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April 3, 2003

Tsakopoulos Collection to be dedicated

Tsakopoulos collection

Painting: by Mehri Yazdani, The Race II, 1988, mixed mediaThe Angelo K. Tsakopoulos collection of Hellenic, Balkan, and Near Eastern materials recently moved to the library of California State University, Sacramento, where it will be officially dedicated as the Tsakopoulos Hellenic Collection at a ceremony April 30 in the University Union Ballroom. The event is by invitation and a public opening is planned later in the year.

Master of ceremonies, California State Treasurer Philip Angelides, will introduce CSUS President Donald R. Gerth who will speak of his vision of the future for the collection, and California State Librarian Kevin Starr, who will speak on the significance of the collection to California.

The 70,000 volumes including paintings and other archival materials is now housed in a suite of rooms at the CSUS Library consisting of a circulating section, a periodicals room, a large high-tech lecture hall and offices.
Tsakopoulos, a prominent land developer and philanthropist who was born in Greece, began assembling the collection nearly 20 years ago. He was assisted in his efforts by Speros Vryonis, at the time chairman of the Near Eastern Studies Center at the University of California, Los Angeles. The collection grew quickly and for 12 years was housed in the Speros Basil Vryonis Center for the Study of Hellenism in Rancho Cordova.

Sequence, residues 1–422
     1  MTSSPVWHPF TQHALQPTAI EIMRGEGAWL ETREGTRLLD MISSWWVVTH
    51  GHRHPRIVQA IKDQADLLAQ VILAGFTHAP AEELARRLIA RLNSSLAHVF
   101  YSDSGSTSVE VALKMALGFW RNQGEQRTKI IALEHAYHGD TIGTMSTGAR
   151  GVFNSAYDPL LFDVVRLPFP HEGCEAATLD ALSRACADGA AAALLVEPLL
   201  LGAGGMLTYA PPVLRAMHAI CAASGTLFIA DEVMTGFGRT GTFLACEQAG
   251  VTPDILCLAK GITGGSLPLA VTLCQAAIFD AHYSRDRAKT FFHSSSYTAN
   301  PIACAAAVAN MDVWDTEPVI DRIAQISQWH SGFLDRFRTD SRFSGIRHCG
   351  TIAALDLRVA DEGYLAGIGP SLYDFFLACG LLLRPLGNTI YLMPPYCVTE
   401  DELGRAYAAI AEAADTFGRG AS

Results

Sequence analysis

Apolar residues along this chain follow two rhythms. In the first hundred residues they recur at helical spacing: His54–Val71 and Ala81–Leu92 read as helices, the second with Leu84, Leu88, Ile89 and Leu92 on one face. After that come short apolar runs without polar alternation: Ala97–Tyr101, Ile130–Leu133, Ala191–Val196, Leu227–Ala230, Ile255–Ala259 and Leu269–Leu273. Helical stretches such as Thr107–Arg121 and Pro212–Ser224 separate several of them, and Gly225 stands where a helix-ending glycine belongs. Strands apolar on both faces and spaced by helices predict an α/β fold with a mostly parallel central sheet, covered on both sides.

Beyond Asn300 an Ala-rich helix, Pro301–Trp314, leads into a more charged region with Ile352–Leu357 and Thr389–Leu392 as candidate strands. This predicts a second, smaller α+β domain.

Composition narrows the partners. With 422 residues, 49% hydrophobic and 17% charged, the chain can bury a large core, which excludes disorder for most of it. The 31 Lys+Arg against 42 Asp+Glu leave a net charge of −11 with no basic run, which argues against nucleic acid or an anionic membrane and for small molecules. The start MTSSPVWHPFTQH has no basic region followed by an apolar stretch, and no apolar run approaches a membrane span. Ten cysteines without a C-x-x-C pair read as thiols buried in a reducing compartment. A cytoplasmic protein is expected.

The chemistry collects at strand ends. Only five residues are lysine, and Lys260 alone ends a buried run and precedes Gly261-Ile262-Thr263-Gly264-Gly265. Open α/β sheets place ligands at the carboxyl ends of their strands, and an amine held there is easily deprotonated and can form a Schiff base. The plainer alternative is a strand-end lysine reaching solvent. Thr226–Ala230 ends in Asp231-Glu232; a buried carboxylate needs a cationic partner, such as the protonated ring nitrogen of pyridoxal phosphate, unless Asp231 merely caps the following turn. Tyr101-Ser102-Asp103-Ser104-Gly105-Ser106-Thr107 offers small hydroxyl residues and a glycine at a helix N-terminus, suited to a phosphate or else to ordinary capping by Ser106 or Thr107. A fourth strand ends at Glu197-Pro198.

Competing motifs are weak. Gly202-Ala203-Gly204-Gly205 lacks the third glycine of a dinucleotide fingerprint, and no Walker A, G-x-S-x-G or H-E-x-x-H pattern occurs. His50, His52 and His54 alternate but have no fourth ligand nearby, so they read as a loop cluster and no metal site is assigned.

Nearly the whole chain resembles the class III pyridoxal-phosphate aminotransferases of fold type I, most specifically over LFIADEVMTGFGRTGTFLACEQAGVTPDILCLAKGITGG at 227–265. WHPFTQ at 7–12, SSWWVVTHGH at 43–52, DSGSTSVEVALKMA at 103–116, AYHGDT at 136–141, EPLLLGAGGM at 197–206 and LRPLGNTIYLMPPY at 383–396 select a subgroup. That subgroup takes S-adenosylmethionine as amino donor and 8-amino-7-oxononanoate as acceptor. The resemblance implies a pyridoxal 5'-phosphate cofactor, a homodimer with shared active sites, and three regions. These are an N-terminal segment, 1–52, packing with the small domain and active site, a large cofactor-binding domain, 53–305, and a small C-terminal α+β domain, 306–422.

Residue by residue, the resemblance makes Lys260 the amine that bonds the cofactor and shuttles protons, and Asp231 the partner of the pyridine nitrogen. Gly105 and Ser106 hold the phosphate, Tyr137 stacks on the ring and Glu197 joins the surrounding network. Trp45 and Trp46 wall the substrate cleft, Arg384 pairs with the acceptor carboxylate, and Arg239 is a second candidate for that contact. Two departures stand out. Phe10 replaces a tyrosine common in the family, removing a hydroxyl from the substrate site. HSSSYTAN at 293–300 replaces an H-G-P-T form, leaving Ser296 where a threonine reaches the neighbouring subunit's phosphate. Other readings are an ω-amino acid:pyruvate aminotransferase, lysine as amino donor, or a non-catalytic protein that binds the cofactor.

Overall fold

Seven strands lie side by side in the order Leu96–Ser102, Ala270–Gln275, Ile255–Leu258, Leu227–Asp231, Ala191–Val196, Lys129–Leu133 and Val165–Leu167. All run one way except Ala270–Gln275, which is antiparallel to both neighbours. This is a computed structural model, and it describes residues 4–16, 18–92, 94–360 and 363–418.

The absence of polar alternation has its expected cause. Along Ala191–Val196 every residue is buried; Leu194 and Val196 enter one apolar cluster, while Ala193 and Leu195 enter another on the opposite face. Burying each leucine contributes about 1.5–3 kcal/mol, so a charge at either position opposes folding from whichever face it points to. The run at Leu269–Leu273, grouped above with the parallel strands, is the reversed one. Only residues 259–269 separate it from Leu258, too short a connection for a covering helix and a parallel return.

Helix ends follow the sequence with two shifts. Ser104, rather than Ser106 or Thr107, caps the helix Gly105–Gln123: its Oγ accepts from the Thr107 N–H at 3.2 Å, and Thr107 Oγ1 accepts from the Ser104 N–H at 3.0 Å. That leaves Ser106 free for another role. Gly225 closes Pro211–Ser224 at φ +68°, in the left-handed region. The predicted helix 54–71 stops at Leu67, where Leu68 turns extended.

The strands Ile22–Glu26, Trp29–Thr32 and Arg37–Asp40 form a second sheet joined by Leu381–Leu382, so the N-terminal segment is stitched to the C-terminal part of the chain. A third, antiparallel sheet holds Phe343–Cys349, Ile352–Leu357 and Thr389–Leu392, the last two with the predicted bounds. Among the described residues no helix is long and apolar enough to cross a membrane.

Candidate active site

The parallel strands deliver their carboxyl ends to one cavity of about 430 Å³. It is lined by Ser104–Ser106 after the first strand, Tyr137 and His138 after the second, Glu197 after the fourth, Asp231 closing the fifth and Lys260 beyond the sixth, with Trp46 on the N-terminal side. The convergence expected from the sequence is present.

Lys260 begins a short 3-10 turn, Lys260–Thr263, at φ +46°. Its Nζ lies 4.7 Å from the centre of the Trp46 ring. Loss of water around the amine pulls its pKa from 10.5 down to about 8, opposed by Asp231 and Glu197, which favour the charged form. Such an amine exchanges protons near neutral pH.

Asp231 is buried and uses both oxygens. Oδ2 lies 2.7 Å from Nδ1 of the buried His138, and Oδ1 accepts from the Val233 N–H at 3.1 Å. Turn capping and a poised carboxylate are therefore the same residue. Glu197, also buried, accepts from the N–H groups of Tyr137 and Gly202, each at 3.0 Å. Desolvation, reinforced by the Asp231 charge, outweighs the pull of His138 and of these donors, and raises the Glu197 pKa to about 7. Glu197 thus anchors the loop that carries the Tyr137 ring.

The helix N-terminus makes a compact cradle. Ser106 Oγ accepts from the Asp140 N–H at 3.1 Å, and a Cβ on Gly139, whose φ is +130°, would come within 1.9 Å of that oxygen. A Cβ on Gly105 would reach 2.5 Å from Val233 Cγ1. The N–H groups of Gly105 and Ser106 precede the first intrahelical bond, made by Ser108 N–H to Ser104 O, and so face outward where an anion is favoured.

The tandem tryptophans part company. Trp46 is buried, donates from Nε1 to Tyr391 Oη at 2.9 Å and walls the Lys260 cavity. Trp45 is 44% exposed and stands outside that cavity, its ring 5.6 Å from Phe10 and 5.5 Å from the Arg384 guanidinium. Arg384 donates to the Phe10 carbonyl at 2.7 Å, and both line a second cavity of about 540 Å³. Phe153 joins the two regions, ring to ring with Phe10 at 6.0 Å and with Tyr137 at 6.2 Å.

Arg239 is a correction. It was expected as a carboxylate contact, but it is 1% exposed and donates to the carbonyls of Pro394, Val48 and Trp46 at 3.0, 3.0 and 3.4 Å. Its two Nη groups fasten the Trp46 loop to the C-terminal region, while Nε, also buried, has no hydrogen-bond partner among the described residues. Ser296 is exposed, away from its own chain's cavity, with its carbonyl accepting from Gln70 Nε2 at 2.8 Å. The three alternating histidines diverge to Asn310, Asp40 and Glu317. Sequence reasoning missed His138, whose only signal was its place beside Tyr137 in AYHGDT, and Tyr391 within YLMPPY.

In seeking a new home for the growing collection, Tsakopoulos received offers from Northeastern universities, but after negotiations with CSUS the collection, valued at several million dollars, found a new home at his alma mater. His daughter, attorney Eleni Tsakopoulos-Kounalakis, also part of the negotiating team, said, "My feeling was that these institutions were already rich in classical resources. If would be wrong to remove the collection from Sacramento just because we have fewer scholars here who would take advantage of it. In fact, it is only by making the collection broadly accessible in the region that we can hope to encourage more people to elect this field of study, or to come to our region to pursue it."

Henry Chambers, CSUS history department, says he is delighted with the acquisition. He sees it not only as a magnet to attract established and fledgling scholars to the campus but also as a means of forging stronger ties to the large Hellenic community in the region.

The University is now conducting a search for a tenure-track Hellenic scholar, a Near Eastern scholar and a permanent specialist librarian to support the collection.

Tsakopoulos collection


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